The rising use of plastics and other petrochemical products will drive global oil demand to 2050.
That’s according to the International Energy Agency (IEA), which suggests petrochemicals – components derived from oil and gas used in daily products like plastics, fertilisers, packaging, clothing and detergents – are set to account for more than a third of the growth in world oil demand to 2030.
They are also estimated to account for nearly half the growth to 2050, adding nearly seven million barrels of oil a day and forecast to consume an additional 56 billion cubic metres (bcm) of natural gas by 2030 and 83bcm by 2050.
IEA Chief Executive Dr Fatih Birol said: “Our economies are heavily dependent on petrochemicals but the sector receives far less attention than it deserves. Petrochemicals are one of the key blind spots in the global energy debate, especially given the influence they will exert on future energy trends. In fact, our analysis shows they will have a greater influence on the future of oil demand than cars, trucks and aviation.”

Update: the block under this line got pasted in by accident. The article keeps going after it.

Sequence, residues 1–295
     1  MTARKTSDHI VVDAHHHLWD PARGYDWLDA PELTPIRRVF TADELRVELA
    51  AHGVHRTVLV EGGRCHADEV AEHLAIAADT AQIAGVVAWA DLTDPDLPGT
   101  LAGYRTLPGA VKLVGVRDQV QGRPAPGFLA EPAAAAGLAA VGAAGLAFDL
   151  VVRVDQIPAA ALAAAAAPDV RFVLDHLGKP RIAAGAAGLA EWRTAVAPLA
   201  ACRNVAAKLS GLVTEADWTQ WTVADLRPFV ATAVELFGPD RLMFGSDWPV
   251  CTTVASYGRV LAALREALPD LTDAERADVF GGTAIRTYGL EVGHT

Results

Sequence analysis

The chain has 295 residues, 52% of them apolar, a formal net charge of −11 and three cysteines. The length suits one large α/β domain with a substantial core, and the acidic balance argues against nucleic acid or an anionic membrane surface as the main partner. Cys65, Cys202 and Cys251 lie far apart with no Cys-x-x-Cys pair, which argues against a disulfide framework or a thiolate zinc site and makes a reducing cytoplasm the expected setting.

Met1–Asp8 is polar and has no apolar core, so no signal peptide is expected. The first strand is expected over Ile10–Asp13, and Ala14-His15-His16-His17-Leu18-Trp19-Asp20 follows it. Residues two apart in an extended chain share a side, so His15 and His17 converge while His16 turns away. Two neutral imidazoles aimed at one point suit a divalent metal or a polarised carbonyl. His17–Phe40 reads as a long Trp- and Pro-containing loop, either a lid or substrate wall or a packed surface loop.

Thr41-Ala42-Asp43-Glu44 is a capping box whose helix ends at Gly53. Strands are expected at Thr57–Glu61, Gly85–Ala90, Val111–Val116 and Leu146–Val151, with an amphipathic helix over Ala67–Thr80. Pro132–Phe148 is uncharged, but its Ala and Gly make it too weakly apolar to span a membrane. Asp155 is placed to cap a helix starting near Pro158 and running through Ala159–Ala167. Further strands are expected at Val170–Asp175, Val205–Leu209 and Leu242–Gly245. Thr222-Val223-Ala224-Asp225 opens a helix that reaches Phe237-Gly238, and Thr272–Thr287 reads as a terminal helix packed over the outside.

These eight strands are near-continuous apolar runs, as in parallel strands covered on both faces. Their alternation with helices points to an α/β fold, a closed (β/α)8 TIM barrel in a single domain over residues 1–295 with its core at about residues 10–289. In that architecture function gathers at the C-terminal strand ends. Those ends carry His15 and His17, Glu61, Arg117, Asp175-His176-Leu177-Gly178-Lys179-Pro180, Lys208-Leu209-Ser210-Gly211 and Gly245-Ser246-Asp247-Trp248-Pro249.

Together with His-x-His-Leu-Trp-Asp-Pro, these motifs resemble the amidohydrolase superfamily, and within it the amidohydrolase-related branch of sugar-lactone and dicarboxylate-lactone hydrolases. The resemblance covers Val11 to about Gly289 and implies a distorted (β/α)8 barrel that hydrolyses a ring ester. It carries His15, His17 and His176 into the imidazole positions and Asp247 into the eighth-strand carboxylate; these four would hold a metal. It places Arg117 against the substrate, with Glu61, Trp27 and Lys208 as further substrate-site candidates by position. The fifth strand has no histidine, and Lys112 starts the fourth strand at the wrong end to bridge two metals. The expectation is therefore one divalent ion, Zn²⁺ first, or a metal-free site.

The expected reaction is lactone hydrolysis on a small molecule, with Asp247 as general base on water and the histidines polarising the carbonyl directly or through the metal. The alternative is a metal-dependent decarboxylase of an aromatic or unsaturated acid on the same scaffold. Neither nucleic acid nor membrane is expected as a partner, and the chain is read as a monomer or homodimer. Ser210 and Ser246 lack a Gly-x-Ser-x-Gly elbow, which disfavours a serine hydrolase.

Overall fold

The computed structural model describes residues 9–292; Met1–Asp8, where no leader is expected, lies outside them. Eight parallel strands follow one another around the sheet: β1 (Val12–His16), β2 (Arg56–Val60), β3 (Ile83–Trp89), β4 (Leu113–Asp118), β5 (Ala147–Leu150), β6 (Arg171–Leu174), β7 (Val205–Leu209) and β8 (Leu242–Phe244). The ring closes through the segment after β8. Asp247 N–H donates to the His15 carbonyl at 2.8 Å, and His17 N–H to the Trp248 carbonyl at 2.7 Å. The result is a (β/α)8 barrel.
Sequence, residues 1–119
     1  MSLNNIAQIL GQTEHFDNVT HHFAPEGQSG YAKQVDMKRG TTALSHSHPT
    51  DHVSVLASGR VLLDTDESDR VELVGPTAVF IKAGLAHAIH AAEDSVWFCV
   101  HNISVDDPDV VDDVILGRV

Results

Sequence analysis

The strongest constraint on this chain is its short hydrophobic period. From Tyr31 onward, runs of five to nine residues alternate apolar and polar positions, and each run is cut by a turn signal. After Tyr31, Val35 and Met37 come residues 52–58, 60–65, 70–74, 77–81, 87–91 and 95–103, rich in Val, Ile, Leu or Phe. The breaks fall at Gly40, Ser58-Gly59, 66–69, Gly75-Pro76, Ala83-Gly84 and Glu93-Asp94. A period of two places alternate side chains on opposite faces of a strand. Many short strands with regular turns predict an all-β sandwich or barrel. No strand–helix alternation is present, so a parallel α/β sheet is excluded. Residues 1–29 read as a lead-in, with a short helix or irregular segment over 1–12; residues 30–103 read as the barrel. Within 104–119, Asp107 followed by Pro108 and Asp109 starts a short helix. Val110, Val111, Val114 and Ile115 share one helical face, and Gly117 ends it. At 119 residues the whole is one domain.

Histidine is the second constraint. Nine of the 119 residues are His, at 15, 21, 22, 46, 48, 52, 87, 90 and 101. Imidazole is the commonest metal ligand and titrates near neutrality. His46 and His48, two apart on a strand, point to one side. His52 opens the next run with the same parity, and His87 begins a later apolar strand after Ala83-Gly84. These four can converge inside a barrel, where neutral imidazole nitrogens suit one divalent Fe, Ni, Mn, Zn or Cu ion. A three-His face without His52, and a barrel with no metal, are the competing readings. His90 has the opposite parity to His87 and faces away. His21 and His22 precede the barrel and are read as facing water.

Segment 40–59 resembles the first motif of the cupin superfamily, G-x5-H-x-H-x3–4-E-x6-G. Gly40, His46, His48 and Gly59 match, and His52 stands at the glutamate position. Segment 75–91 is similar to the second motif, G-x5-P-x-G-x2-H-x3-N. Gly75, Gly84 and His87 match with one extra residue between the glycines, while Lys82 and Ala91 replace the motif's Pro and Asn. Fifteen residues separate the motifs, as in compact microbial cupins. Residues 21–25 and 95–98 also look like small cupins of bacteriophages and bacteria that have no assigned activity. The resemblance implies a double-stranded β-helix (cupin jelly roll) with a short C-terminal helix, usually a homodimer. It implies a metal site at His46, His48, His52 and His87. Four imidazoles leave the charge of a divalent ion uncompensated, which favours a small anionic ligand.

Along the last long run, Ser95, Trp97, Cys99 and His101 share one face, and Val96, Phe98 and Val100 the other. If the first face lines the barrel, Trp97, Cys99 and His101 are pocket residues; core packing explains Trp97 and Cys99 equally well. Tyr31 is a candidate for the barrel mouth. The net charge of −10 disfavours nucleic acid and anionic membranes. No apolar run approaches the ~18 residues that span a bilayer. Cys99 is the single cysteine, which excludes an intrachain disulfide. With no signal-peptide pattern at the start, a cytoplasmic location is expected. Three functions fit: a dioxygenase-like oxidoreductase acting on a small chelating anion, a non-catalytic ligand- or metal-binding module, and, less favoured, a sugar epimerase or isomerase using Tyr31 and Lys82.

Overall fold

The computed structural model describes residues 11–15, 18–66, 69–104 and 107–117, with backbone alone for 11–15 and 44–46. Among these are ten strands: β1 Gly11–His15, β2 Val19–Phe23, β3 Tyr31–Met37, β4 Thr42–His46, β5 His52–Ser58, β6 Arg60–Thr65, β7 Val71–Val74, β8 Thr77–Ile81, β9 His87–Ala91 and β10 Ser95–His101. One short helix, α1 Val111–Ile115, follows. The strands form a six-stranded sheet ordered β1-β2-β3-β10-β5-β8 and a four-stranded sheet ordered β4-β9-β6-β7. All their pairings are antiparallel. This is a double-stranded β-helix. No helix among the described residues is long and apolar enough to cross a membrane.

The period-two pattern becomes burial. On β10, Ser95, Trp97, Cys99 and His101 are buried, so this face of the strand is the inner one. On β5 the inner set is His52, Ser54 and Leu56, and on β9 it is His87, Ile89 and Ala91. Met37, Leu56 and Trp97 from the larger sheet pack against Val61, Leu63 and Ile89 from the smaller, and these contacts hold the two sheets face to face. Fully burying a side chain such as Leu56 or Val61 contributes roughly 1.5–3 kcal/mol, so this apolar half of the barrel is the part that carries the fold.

The report suggests demand for plastics – the key driver for petrochemicals from an energy perspective – has outpaced all other bulk materials such as steel, aluminium and cement, nearly doubling since 2000.
It adds advanced economics currently use up to 20 time more plastic and up to 10 times more fertiliser than developed nations on a per capita basis.
Petrochemicals are also required to manufacture many parts of the “modern” energy system, including solar panels, wind turbines, batteries, thermal insulation and electric vehicles.
While petrochemical products provide substantial benefits to society, including a growing number of applications in clean technologies, the report warns the production, use and disposal of petrochemical-derived products present a variety of climate, air quality and water pollution challenges that need need to be addressed.
It states: “While substantial increases in recycling and efforts to curb single-use plastics are underway, especially in Europe, Japan and Korea, the impact these efforts can have on demand for petrochemicals is far outweighed by sharply increasing plastic consumption in emerging economies.”